How to Protect Your Family Members from the Negative Effects of a Divorce?
A marriage may be a union of two individuals, but a divorce will affect members of both families. Worrying about the hurt feelings of your extended family may seem impossible when you are going through a tough phase yourself. However, trying to reducing the negative effects of divorce on extended family can serve as a balm for your emotional scars as well.
The best way of reducing the negative effects of divorce on extended family is to realize that your decision to get a divorce is going to affect them all. Grandparents will suddenly lose the easy and unrestricted access to their grandchildren that they enjoyed in the past. Uncles, aunts, nephews, nieces---everybody is going to be affected by the divorce.
While it may not be practical to involve everybody in your decision, understanding that their lives too are going to change can help reduce the negative consequences of your divorce. Even a short mail or text message conveying your desire to maintain cordial relations with the extended family can go a long way in avoiding complications.
Don't throw the baby out with the bathwater. You may no longer have the desire to continue your relationship with your spouse, but that doesn't mean you cannot have a healthy relationship with his or her extended family. Free and frank communication with extended family members whom you respect can help minimize the inevitable bitter feelings during the divorce.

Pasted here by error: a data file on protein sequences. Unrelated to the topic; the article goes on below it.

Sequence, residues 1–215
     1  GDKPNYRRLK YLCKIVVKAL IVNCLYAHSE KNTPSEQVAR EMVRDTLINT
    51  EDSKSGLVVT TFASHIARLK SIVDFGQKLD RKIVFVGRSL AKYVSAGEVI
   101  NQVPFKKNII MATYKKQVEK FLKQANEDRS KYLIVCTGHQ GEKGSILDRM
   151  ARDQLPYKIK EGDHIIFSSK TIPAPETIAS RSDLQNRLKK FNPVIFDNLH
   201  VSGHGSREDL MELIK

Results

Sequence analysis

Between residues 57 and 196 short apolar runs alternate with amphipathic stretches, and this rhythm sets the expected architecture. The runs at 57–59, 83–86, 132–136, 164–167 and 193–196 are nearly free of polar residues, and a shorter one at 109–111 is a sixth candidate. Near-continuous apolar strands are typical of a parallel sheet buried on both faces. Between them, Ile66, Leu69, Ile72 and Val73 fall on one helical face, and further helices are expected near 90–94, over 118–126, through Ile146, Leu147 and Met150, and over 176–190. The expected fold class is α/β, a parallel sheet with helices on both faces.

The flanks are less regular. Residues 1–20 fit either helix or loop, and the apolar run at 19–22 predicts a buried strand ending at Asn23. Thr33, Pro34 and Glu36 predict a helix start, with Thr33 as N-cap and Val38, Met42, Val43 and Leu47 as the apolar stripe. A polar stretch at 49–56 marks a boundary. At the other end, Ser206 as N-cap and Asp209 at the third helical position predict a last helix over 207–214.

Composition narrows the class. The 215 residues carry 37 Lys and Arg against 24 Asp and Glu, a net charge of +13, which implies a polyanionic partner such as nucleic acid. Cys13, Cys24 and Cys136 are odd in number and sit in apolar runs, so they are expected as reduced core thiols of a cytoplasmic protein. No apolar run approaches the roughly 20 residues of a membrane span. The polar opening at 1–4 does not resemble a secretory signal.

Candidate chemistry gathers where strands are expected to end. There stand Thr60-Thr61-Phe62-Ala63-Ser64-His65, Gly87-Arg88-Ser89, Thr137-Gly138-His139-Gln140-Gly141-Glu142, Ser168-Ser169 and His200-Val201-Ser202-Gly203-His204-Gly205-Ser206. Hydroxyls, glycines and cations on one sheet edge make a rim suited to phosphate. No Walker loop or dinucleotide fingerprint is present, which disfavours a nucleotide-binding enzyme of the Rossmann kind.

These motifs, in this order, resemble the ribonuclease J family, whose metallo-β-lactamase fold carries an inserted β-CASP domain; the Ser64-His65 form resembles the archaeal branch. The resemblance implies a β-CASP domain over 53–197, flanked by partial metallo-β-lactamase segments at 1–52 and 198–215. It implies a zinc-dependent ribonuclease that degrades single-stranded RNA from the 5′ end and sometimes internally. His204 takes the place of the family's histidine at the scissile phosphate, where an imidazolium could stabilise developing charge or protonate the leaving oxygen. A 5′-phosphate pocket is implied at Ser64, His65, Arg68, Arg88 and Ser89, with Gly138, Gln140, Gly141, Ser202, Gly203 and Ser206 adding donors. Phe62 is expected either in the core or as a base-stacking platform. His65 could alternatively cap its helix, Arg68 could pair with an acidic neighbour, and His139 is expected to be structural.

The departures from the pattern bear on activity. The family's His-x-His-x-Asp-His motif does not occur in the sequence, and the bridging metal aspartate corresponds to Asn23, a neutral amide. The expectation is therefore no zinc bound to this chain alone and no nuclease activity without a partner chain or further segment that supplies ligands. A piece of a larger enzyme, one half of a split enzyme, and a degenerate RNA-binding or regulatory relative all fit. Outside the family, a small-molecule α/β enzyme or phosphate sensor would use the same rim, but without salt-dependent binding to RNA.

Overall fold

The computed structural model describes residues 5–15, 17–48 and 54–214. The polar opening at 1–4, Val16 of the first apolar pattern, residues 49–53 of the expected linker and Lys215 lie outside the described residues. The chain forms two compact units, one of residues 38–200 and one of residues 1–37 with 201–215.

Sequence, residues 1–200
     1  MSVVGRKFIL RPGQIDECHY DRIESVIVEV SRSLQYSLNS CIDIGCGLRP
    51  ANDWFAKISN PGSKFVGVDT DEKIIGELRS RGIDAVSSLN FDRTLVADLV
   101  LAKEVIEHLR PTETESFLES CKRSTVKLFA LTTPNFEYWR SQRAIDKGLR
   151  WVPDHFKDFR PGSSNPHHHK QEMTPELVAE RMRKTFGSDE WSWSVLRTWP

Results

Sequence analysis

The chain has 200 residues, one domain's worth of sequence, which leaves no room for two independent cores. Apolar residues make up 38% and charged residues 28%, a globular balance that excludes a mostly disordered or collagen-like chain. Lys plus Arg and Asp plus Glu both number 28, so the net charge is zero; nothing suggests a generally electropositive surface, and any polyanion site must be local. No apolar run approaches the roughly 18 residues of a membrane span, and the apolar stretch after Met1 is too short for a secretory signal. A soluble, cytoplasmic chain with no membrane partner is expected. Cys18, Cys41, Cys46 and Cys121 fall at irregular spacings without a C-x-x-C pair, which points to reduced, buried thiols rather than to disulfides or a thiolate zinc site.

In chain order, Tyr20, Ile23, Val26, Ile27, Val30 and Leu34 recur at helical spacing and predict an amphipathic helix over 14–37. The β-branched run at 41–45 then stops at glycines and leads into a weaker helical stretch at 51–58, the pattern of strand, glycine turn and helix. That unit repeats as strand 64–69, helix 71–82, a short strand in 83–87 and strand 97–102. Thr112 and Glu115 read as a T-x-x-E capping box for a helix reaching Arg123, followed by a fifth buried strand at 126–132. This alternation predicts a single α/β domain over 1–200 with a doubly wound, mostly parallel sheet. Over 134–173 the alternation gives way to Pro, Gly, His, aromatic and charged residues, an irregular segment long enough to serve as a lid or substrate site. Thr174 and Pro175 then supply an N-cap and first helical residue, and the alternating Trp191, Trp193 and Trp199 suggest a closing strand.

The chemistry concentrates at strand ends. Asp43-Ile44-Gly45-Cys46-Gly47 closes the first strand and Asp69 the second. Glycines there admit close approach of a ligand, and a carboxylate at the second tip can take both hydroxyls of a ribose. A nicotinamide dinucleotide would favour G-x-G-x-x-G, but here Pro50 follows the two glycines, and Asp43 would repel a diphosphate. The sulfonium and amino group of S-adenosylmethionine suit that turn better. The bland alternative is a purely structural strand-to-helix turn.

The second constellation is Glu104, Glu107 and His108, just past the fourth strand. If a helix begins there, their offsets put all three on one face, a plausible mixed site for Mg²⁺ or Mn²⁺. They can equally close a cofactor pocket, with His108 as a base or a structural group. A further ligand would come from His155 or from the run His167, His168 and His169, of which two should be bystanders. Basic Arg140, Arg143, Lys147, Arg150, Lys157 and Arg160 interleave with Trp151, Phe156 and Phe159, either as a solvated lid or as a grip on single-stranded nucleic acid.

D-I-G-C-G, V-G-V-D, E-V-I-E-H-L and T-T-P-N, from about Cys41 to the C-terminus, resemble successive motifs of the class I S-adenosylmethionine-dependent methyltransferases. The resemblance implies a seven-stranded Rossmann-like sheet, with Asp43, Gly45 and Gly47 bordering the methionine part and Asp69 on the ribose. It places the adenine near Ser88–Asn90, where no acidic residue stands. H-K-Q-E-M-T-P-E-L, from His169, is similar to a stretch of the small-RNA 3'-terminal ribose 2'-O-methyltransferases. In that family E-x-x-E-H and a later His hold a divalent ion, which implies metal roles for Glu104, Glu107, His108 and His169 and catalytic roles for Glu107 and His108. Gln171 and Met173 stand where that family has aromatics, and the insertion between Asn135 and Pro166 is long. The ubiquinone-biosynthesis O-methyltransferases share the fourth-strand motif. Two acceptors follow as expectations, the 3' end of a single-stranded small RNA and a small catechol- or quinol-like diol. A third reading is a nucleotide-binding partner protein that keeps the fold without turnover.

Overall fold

In case of a complete breakdown in communication with your spouse, try talking through the extended family instead of forcing your children to take sides. As adults, family members on both sides can step in and avoid the issue from blowing out of proportion. Involving multiple persons in your divorce can be messy and chaotic. However, this option, if used wisely, can help you get your point across without scarring the children for life.
Finally, encourage your family members to seek professional counseling. Going through a divorce is a stressful affair, and there is no shame in seeking professional help. A group counseling session can help you get rid of resentment, guilt, and denial within the family. Working together as a group will help your child rediscover his or her faith in family relationship.